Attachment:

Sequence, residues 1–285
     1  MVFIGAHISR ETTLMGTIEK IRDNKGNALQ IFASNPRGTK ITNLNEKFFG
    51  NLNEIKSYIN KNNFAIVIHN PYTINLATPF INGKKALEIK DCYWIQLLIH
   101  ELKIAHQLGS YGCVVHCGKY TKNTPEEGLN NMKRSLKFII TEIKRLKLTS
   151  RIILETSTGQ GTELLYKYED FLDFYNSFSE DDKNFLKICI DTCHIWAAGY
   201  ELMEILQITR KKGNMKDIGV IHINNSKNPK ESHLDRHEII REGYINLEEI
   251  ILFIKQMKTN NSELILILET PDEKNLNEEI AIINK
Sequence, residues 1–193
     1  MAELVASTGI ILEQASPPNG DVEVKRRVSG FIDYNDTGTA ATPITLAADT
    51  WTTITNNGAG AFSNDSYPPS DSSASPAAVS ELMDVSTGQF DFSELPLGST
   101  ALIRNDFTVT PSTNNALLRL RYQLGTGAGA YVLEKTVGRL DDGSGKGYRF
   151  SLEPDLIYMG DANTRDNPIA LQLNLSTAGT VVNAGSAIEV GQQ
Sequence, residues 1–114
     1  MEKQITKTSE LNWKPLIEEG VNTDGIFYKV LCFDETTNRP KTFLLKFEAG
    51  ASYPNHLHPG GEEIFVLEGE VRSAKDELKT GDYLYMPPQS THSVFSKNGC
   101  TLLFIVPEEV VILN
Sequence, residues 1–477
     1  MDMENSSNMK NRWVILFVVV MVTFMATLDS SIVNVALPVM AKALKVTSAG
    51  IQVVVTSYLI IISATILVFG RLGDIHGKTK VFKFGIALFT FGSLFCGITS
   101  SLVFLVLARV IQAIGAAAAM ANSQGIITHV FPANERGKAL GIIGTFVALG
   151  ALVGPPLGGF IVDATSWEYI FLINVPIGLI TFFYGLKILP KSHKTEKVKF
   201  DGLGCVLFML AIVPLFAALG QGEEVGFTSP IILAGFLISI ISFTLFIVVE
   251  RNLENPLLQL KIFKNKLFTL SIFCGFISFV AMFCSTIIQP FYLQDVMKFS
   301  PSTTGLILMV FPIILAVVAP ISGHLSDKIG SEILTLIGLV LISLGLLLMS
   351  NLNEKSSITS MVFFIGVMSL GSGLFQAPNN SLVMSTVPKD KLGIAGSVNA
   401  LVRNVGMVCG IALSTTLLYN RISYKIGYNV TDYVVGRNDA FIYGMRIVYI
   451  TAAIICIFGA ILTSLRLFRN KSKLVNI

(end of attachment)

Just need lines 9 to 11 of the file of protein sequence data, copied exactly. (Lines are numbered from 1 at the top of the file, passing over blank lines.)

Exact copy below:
     1  MAELVASTGI ILEQASPPNG DVEVKRRVSG FIDYNDTGTA ATPITLAADT
    51  WTTITNNGAG AFSNDSYPPS DSSASPAAVS ELMDVSTGQF DFSELPLGST
   101  ALIRNDFTVT PSTNNALLRL RYQLGTGAGA YVLEKTVGRL DDGSGKGYRF